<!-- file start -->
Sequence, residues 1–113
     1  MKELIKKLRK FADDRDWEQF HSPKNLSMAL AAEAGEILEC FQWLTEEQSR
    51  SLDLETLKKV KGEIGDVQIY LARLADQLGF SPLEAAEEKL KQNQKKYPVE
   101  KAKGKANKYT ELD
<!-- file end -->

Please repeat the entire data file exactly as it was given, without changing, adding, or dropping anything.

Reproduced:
Sequence, residues 1–113
     1  MKELIKKLRK FADDRDWEQF HSPKNLSMAL AAEAGEILEC FQWLTEEQSR
    51  SLDLETLKKV KGEIGDVQIY LARLADQLGF SPLEAAEEKL KQNQKKYPVE
   101  KAKGKANKYT ELD